5th December 2014
Britons are facing ‘colossal’ spending cuts over the next five years in order for the country to ditch the deficit and get back into the black.
Delving into the numbers after the Autumn Statement, the Institute for Fiscal Studies (IFS) warned that nobody should be fooled by chancellor George Osborne’s spending giveaways as they masked years of pain ahead.
‘Over the past few days you might have been forgiven for thinking that there was to b some kind of spending dividend to come,’ said Paul Johnson, director of the IFS. ‘More money announced for the NHS, much made of how transport and flood defence spending is to be allocated. That is not the story the numbers tell.’
He said there is a slight increase in the speed of proposed spending cuts after 2015/16 and there will be continued cuts in public service spending.
‘There is no spending dividend on the horizon. Far from it. There are huge cuts to come…whatever way you look at it, we are considerably less than half way through the cuts,’ said Johnson.
Deeper and faster cuts are needed in order to put the deficit reduction back on track – the deficit fell by just £6 billion this year to £91 billion, half the amount it was expected to fall by. The falls were due to reduced tax revenue taken by the Treasury, which was £8 billion lower than forecast.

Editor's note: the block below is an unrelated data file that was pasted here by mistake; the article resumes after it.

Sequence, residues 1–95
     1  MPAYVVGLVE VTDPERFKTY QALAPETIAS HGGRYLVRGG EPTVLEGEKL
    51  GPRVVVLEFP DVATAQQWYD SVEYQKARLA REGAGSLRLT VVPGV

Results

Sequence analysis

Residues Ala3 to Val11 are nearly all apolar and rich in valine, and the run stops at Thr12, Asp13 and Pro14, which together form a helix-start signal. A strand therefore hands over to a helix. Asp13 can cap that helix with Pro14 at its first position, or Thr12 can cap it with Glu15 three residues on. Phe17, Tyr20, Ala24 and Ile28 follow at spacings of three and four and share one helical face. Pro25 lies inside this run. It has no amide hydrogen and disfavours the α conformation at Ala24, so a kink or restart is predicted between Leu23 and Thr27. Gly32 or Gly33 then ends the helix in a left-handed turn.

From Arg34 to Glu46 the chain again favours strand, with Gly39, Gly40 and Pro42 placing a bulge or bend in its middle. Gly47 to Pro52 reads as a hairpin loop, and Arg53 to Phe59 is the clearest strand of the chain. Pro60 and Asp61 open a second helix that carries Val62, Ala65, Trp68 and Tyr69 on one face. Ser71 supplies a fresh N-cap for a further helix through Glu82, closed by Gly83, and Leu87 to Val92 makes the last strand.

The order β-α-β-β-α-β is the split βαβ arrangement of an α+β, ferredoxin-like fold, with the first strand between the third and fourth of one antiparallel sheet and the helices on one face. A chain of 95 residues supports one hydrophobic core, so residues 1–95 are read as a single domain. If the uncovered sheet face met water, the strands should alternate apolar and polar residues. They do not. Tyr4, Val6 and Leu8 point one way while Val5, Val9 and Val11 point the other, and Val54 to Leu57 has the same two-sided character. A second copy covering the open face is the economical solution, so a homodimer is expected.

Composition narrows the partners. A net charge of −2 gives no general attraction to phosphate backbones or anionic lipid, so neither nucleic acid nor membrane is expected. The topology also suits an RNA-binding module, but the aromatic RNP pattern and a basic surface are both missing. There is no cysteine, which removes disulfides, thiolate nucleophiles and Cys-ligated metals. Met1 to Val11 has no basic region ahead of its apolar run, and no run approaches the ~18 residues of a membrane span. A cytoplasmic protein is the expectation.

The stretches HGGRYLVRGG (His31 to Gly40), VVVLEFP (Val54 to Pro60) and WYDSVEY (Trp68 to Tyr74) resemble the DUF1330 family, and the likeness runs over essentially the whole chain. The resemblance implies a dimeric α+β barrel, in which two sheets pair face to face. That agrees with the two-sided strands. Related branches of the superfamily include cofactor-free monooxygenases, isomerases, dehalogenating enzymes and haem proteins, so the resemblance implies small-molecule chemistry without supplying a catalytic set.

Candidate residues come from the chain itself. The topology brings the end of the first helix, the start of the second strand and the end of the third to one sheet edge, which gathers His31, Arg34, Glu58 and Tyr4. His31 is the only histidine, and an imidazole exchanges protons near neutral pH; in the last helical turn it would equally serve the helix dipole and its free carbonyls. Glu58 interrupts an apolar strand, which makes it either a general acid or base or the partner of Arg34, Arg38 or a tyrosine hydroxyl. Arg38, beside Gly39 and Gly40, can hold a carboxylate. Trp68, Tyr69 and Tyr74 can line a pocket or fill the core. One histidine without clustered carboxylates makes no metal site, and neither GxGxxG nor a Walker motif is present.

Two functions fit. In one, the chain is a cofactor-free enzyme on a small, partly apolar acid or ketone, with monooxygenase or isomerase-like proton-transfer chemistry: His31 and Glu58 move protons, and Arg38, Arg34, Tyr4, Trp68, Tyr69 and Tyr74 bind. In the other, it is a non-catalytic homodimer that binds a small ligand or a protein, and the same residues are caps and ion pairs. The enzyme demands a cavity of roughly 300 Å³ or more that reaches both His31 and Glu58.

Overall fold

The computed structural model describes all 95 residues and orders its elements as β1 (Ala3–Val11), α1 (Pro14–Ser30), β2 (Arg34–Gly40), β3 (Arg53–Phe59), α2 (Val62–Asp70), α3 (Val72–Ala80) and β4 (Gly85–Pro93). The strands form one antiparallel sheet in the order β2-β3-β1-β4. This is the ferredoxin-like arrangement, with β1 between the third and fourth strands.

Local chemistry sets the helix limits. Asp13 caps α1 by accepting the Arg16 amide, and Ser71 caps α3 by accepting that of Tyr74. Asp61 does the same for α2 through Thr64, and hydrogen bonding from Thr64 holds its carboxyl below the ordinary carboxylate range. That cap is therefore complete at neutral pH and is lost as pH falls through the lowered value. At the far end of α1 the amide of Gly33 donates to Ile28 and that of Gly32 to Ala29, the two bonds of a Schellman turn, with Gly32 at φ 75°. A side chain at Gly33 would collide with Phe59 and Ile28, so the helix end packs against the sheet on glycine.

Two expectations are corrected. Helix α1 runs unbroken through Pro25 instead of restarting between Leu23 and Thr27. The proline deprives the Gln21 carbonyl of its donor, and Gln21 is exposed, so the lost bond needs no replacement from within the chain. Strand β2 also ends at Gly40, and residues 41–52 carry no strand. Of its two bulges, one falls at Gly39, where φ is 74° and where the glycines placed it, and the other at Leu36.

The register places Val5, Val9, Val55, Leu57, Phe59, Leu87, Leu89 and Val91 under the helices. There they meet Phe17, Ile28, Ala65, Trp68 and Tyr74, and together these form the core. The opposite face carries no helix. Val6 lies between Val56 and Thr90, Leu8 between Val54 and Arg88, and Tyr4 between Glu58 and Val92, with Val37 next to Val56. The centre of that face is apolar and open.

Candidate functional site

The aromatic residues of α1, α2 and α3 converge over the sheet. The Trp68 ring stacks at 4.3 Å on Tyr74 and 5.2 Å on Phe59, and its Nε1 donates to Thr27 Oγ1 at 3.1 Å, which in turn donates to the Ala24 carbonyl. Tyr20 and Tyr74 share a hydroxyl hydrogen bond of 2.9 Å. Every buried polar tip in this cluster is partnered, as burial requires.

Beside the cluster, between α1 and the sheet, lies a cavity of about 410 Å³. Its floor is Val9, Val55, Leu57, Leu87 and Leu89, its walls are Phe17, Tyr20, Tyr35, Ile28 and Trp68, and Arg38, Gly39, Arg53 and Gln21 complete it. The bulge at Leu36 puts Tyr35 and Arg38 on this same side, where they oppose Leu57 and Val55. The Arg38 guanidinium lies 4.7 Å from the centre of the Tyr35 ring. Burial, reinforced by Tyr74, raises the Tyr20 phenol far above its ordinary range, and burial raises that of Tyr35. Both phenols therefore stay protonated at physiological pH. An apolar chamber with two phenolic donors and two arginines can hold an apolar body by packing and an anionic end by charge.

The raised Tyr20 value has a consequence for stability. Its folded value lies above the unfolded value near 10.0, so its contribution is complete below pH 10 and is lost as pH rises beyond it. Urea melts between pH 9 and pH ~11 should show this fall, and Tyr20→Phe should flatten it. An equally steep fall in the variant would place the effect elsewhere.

‘It is important to understand why the deficit hasn’t fallen,’ said Johnson. ‘It is emphatically not because the government has failed to impost the intended spending cuts. It is because the economy performed so poorly in the first half of the parliament, hitting revenues very hard.
‘Unless the government could have found some economy magic which would have made a substantial difference to growth over the last few years, the only way it could have presided over a greater fall in the deficit would have been to cut spending or to raise taxes further.’
In order to reach a surplus of £23 billion in 2019/20 as predicted by Osborne, Johnson said there was only one solution.
‘How do we get to this sunlit upland in which we have a budget surplus? Spending cuts on a colossal scale is how, taking total government spending to its lowest level as a proportion of national income since before the last war,’ he said.